I whipped up this simple all-purpose enzyme cleaning spray a couple months ago and it’s quickly become a household staple for me. It gently cleans and deodorizes, leaving my counter tops gleaming, and I think it’s easier to make than a cup of tea! I like to pair it with a microfiber cloth for wiping down counters, cleaning paw prints off windowsills and the back door, and deodorizing the bathroom. I highly recommend having a bottle on hand!

How to Make All-Purpose Enzyme Cleaning Spray

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There’s just a handful of ingredients; the first is white (or distilled) vinegar. White vinegar is typically a 5% dilution of acetic acid (higher concentrations are also available—check your bottle!), and is a very easy-to-make mild acid, with a pH of approximately 2.6. It’s a brilliant multi-purpose kitchen ingredient, used in everything from pickling to cleaning. In cleaning it’s a great de-greaser, window cleaner, hard-water-build-up-remover, and deodorizer, with the added benefit of making your bathroom smell briefly like potato chips (American with salt or British with fish!).

How to Make All-Purpose Enzyme Cleaning Spray

How to Make All-Purpose Enzyme Cleaning Spray

Ingredient #2 is a fantastic green liquid I picked up from Voyageur Soap & Candle—liquid enzyme concentrate. According to Voyaguer enzymes are “proteins, composed of hundreds of amino-acids, which are produced by living organisms. Enzymes catalyze the breakdown of soils and stain materials, are very effective working at low temperatures, and are a great addition to laundry detergents, spray cleaners, deodorizers etc.” It’s biodegradable, and freshens and cleans brilliantly. It’s also pretty inexpensive—a litre is just under $13 CAD!

How to Make All-Purpose Enzyme Cleaning Spray

How to Make All-Purpose Enzyme Cleaning Spray

As a new puppy owner I’ve been using lots of enzymatic cleaners for pet messes as the enzymes get straight to the source of the scent so your pup can’t still smell their previous accident and think that particular part of your floor is their new potty. I’ve been adding a glug or two of the concentrate to my washing machine after it’s filled and then leaving the enzyme-y laundry to soak for an hour or two before washing. It’s proven to be a fantastically effective way to tackle grass stains and funky smells in workout gear as the enzymes go straight to work on biological stains and stinks. The concentrate itself is perfumed (I confirmed with Voyageur; the manufacturer says the concentrate has “a unique, proprietary fragrance freshens the air and lingers”). I find the scent to be fairly mild and not terribly persistent; I notice it while I’m using it, but it doesn’t carry through to clean laundry or linger in the kitchen (to my nose, at least). If you’re very fragrance sensitive, however, you might want to give this one a miss.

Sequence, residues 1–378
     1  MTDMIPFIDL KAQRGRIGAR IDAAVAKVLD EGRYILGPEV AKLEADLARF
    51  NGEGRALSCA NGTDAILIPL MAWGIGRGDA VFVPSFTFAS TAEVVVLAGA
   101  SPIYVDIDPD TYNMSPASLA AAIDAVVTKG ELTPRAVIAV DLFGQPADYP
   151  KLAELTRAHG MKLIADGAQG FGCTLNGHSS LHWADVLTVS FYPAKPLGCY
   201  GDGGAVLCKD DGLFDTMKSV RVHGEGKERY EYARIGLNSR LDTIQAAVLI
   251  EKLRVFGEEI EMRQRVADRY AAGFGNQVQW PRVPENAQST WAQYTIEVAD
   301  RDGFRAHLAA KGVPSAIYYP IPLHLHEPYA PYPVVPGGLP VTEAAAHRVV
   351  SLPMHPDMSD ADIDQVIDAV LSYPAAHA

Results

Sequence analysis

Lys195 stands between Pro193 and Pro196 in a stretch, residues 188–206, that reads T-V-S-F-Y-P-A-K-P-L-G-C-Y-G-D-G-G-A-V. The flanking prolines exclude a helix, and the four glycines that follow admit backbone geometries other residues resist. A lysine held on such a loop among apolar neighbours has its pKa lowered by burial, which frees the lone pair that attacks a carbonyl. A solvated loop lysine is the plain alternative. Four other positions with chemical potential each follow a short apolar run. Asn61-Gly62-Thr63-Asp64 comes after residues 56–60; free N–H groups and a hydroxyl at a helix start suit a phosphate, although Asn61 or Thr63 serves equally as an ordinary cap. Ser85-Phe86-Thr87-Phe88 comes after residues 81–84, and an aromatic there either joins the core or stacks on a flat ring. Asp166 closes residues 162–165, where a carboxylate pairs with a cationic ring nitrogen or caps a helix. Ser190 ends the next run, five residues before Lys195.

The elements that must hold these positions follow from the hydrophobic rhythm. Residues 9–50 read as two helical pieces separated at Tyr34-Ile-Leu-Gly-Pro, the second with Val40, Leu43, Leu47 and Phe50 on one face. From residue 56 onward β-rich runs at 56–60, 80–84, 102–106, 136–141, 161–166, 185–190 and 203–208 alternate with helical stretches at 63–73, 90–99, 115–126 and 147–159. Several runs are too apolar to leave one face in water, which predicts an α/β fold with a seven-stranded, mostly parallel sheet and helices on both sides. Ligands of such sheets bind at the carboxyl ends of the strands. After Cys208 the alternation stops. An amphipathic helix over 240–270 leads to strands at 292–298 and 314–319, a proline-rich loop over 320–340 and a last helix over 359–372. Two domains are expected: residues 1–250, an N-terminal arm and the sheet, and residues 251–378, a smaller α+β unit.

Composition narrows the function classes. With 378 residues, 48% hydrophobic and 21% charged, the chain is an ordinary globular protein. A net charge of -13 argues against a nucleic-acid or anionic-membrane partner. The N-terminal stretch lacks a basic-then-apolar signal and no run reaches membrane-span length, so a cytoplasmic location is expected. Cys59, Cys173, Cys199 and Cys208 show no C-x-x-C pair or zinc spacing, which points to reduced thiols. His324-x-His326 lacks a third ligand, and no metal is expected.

How to Make All-Purpose Enzyme Cleaning Spray

How to Make All-Purpose Enzyme Cleaning Spray

The rest of the spray is simply water and a touch of preservative since washing your counters with a mouldy cleaning spray seems rather silly! If you’d like to add some essential oils you’ll need to include a solubilizer of some kind; for this spray I’d recommend using high proof clear grain or isopropyl alcohol. You can dissolve twenty or so drops of an essential oil or essential oil blend of your choice (Bandits Oil would be a great choice!) in approximately twice as much high proof (70%+) alcohol, and then add that to the spray, removing that from the water. If you let it stand for weeks before use you’ll likely need to shake before use, but given the chance of tackiness from the polysorbates (erg, sticky counters!), I’d skip those—the alcohol will boost the cleansing power of the spray, too.

How to Make All-Purpose Enzyme Cleaning Spray

How to Make All-Purpose Enzyme Cleaning Spray

I skipped adding any essential oils, so if you’re doing that, all you’ll have to do is pour everything into a spray bottle and shake to combine. Voila!

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All-Purpose Enzyme Cleaning Spray

25g | 0.88oz liquid enzyme concentrate
75g | 2.65oz white vinegar
398g | 14.04oz distilled water
2.5g | 0.088oz liquid germall plus (USA / Canada) (or other broad spectrum preservative of choice at recommended usage rate [why?])

Weigh the ingredients into a 500mL (16 fl oz) trigger spray bottle, cap, and shake to combine. That’s it!

If you want to add some essential oils, follow the instructions detailed in the preamble.

The pH of this cleaning spray is approximately 4. Because it’s acidic, don’t use it on uncoated marble or other basic surfaces.

How to Make All-Purpose Enzyme Cleaning Spray

How to Make All-Purpose Enzyme Cleaning Spray

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